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by May Dawn 4 years ago in health

My Journey to Getting an Official Endometriosis Diagnosis

Have you even heard of endometriosis? Many of my friends and family hadn't heard the word before, or at most they had heard the word but couldn't say what it was. I heard the word for the first time last year when listening to the radio at work. It was some sort of Endometriosis Awareness Day, and by golly, have I become aware.

For years I had been struggling badly with period pain and heavy bleeding. My mother had the same problem, so naturally I was led to believe what I was experiencing was "average." I thought all my friends soaked through a maxi pad and tampon every hour. I thought it was normal to feel grey in complexion and fighting the agony of monster cramps. As I got older I ended up taking time off work for a day or two each month because it'd gotten so severe. Of course I'd never tell them the real reason I was off, I'd make another socially acceptable excuse up. I didn't want to be seen as a baby, struggling to deal with something most women experience all the time.

It was in August 2015 when I first started to take notice of what was going on with my body. I'd just signed up for a 10km race which was to take place the following year, and I'd joined my local gym to start training. This wasn't my first 10km so I wasn't too worried about my ability to do it. Within 10 minutes of light jogging on the treadmill I had to press the emergency stop button on the machine. A terrible lower abdominal cramping pain had fired up, like I'd just started a very heavy period instantly. I'm stubborn as a bull so persisted through and walked instead. Over the next few weeks this kept happening every time I tried to jog, I couldn't figure it out. I also began to feel a twinging/shooting pain in one particular spot next to my ovaries. I told the doctor all of this and he sent me for ultrasounds. This was my first experience having them, and I was not a fan of the internal ultrasound one bit. A few days later my doctor rang and told me it seems I have PCOS (Polycystic Ovary Syndrome). It answered a lot of questions when it came to issues such as my weight and excess hair. Still, there was no explanation for the pain.

I left it for a while, to be honest I gave up on training for months and let myself go. I got a little down about the fact people with PCOS have trouble having children. I used it as an excuse to eat what I wanted because what was the point of trying? Thankfully I'm out of that funk now. The months rolled past, and in August 2017 it was time for the 10km. I had got back into brisk walking/attempted jogging a few weeks before the race in the attempt to give myself a fighting chance, what with all the extra weight and lack of fitness.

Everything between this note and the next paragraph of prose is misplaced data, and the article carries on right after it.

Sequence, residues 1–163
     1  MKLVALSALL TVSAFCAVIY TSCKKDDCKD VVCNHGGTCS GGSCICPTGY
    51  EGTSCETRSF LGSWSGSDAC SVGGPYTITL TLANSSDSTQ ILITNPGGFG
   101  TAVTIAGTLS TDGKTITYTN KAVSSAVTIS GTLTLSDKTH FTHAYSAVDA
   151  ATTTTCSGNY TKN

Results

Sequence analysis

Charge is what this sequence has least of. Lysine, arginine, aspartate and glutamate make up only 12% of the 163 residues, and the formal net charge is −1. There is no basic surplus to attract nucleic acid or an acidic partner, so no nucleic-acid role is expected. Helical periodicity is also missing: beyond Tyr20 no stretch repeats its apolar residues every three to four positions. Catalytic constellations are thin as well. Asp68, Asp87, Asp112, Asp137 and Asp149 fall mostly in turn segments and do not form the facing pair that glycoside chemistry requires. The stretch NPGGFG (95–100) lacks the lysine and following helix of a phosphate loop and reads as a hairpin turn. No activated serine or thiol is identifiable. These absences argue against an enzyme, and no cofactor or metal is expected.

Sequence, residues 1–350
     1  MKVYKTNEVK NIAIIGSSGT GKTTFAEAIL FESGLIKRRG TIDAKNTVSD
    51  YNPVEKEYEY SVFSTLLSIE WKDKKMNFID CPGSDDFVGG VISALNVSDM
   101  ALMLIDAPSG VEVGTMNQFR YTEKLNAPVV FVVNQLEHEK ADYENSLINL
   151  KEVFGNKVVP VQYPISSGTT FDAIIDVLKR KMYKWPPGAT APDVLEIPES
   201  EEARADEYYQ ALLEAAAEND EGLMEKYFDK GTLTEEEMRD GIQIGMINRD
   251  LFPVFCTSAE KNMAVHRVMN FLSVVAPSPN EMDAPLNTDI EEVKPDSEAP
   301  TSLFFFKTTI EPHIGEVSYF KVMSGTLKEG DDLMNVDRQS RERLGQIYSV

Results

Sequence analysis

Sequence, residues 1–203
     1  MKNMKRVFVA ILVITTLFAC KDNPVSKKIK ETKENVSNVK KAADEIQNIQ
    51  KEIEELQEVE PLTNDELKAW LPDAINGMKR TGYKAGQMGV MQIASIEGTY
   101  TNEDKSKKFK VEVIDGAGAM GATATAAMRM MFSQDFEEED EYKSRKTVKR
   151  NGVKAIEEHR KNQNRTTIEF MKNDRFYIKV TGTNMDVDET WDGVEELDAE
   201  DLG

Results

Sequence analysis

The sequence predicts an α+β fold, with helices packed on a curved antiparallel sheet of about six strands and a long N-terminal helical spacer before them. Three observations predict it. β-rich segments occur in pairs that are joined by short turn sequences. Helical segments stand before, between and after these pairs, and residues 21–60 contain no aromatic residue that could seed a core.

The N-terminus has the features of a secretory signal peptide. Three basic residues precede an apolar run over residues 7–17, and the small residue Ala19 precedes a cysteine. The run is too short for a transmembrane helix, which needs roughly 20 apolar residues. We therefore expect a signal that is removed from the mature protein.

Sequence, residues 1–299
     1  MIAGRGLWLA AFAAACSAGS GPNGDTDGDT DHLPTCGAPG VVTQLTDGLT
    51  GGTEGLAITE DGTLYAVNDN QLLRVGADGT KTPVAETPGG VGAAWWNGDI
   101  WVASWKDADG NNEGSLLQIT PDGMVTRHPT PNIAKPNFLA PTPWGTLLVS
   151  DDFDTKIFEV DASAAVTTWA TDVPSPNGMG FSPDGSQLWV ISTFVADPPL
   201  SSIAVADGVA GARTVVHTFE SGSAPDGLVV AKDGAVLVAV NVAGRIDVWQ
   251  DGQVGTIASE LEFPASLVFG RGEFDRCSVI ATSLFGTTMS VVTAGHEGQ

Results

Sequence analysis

Around 3 days before the race, something crazy happened. I was lying in bed watching something on Netflix. A period pain started to develop suddenly, so I shot up out of bed and headed for the bathroom, thinking I must have just started a very random bleed. I hadn't bled since May 2016 so was quite surprised to feel this sensation. On the way to the bathroom the pain went crazy, and I started to panic. Maybe I'd eaten something dodgy? I sat on the toilet waiting for something to happen, not knowing what was going to come out of where. I felt something dripping on my feet and realised I was sweating bullets, my whole face and body was soaked through within 2 minutes of entering the bathroom. It wasn't long until there was a mini puddle on the floor. Now I was really concerned. The pain rose and rose, and I felt myself getting faint. I was convinced something inside me was breaking. I got on my hands and knees and cried out for help, before losing consciousness on the floor. I don't think I was out for too long, then I tentatively went back to my bedroom to collapse on my bed. I don't know why but I went on to run the 10km without ever getting any medical attention for what had happened. I struggled at 5km as the pain really kicked in, but as I had raised money for charity I pushed through and walked the rest.

The day after the race, I called up the doctors and they managed to see me that day once I'd explained what had happened. I went in with a list of reasons why I thought I had endometriosis, what else could it be? The doctor agreed and told me to get more ultrasounds. Nothing of importance was found during the scans, although they did tell me I had PCOS again. I told them I was already well aware. But what about the pain? I have been in chronic pain every single day since what I suspect, was a burst cyst. Although there's no proof of that, it's still a mystery.

Since then I've been to see a gynecologist, and she put me on a 2 month waiting list to get a diagnostic laparoscopy. I'm actually looking forward to it. Being in pain every day is no fun at all, and is causing a lot of fatigue and crankiness. I will be back with a full low down on the lap by the end of March. In the meantime, if you are experiencing any particularly bad menstrual pain or weird symptoms, don't be afraid to ask your doctor. I wish I had done something years ago.

health

May Dawn

I have a lot of feelings and passion. Sometimes I write about them.

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